The Corner

The Slums of Rauf

The Park51 mosque and community center near Ground Zero is not Imam Feisal Abdul Rauf’s first venture into real estate development. As The Record reports, beginning in the late 1970s, Rauf acquired five apartment buildings in Union City, North Bergen, and Palisades Park, all urban areas along the New Jersey bank of the Hudson River.

He developed the properties with the help a series of government grants and loans totaling in the millions — including $384,000 in 1989 endorsed by Sen. Bob Menendez (D., N.J.), then mayor of Union City, and $1,295,000 underwritten by then Hudson County executive Robert C. Janiszewski, who would later serve time in federal prison on corruption charges.

But the government funds weren’t enough to keep lenders from initiating foreclosure proceedings against Rauf on over $2 million in loans connected to the properties, or from being sued for misrepresentation in 2008 by a former business associate in connection with one of the Union City buildings (both matters were settled out of court).

Nor was Rauf a very good landlord. Both The Record and the the New York Post report a litany of complaints at Rauf’s buildings dating back decades and continuing to this day: heaps of garbage, overgrown grass, lack of heat and hot water; rat, cockroach, and bedbug infestations; and general filth.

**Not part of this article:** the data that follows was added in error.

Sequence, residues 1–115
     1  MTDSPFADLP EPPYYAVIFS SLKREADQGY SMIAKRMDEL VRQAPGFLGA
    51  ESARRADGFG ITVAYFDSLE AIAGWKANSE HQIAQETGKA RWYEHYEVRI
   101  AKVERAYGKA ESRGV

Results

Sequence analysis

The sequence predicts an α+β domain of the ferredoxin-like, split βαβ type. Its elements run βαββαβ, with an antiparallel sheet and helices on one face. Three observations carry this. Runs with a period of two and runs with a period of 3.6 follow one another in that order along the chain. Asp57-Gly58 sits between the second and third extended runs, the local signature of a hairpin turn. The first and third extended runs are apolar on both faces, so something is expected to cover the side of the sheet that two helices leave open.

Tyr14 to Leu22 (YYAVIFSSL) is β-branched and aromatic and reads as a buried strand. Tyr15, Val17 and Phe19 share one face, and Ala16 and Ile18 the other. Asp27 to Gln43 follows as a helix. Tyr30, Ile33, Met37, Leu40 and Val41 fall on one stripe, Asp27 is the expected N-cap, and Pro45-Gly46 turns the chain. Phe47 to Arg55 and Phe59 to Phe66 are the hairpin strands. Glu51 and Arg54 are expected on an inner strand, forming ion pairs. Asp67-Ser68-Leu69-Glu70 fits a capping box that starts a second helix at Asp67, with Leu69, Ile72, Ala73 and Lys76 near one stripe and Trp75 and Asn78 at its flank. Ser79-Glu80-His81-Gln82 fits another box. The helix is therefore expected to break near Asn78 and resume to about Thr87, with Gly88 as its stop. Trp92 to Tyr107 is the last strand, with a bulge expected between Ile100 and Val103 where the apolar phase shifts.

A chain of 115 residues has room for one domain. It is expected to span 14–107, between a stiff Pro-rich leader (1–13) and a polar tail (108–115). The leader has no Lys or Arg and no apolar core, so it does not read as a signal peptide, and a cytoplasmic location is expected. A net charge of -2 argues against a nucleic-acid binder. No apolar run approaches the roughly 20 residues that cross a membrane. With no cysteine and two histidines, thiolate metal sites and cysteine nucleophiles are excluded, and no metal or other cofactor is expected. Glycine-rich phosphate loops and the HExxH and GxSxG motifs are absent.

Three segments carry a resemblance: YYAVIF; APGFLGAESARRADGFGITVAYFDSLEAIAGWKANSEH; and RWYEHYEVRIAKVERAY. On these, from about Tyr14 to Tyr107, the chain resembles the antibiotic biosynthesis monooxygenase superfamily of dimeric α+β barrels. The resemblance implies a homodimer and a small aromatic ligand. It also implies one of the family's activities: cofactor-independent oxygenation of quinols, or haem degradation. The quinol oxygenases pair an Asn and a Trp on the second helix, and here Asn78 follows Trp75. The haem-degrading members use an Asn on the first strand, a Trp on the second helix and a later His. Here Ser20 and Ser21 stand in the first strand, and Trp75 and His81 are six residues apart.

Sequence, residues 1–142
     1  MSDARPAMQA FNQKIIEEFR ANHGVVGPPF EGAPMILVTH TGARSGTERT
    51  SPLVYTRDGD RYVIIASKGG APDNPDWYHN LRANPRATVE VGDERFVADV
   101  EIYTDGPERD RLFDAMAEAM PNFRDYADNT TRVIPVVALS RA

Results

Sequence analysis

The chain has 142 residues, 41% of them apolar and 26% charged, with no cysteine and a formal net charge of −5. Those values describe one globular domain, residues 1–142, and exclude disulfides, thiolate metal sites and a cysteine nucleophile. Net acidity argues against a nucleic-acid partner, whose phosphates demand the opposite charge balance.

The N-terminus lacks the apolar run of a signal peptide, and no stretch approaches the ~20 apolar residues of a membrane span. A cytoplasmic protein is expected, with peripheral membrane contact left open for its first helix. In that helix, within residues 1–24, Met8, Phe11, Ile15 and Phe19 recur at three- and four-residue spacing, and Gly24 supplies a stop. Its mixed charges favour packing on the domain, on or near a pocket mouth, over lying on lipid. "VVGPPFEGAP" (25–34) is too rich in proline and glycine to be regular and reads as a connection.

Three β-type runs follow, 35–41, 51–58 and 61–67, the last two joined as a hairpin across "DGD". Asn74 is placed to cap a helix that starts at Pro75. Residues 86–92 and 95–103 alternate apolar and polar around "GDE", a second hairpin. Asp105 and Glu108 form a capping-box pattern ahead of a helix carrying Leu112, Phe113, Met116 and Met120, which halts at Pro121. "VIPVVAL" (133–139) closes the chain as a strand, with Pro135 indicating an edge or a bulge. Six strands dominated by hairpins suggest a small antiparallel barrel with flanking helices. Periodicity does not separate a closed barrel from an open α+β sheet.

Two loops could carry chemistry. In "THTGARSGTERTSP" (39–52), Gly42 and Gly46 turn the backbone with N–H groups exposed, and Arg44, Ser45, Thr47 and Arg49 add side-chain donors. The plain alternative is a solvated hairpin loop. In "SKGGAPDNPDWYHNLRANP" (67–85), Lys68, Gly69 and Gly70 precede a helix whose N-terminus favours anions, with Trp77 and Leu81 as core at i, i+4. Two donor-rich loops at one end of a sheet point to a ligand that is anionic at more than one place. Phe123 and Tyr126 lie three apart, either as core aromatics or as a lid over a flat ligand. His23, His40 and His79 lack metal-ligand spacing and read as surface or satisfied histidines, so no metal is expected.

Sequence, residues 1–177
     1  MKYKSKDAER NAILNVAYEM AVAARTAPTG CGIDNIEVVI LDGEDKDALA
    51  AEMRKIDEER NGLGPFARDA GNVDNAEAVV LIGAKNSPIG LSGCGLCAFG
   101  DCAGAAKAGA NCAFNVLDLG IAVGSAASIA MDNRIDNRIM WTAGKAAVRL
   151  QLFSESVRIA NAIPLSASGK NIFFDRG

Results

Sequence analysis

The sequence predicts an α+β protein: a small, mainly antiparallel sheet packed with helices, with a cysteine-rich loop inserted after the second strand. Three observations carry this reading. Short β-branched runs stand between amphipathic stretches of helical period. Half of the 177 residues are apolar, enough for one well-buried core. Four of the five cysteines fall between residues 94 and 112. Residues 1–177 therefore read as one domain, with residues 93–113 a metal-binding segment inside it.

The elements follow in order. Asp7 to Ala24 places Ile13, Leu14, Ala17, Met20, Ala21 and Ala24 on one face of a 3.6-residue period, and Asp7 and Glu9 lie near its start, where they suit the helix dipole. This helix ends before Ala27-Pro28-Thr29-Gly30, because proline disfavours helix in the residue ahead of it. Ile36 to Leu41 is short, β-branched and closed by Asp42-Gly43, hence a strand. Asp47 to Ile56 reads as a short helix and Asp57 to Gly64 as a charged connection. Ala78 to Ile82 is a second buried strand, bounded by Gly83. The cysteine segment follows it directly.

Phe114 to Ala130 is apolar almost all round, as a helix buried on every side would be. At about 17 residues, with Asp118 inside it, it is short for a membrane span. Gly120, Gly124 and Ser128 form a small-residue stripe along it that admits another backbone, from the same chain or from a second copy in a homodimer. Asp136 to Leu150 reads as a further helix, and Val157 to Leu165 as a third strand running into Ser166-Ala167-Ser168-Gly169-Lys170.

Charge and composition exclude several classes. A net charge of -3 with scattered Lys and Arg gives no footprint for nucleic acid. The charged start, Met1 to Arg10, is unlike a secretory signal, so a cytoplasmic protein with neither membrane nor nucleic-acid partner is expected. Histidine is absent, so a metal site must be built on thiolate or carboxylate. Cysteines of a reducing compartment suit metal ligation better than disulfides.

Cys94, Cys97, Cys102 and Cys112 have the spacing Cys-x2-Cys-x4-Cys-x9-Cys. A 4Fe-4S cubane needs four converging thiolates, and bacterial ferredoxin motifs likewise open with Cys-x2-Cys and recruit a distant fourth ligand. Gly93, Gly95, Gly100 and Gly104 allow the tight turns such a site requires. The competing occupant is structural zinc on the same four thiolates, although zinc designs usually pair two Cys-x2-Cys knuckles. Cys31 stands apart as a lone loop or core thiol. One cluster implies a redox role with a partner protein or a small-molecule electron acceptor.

On Tuesday, National Review Online visited one of the apartment buildings identified by the Post as being owned by Rauf, and spoke with several of the tenants. The building, in a working class neighborhood of the predominantly-Hispanic Union City, steps from the Lincoln Tunnel, is in poor shape. Its exterior is festooned with empty malt liquor cans, broken glass, and other refuse, and its interior is marked by mold, moisture, and decay.

The tenants are uniformly unhappy with what they describe as persistently poor–even dangerous–living conditions, and management they describe as uncaring and unresponsive. Two tenants agreed to be filmed. Only one, 26-year-old Yonaira, who has lived in the building for 16 years and is raising two small children there, gave her name and her story:

Rauf’s wife, Daisy Khan, has responded to new questions about maintenance at the properties by saying that all tenant complaints are addressed as they come up, and that the Imam’s business dealings have “no relevance to the Park51 project.”

“The Imam does not get paid for his spiritual work or work as an Imam,” Khan wrote to The Record. “He invests in real estate, much as someone would invest in stocks, bonds or other assets to secure one’s future and provide an income stream. He has dedicated his life to helping others working as an Imam.”

Daniel Foster — Daniel Foster has been news editor of National Review Online since 2009, and was a web site editor until 2012. His work has appeared in The American Spectator, The American ...

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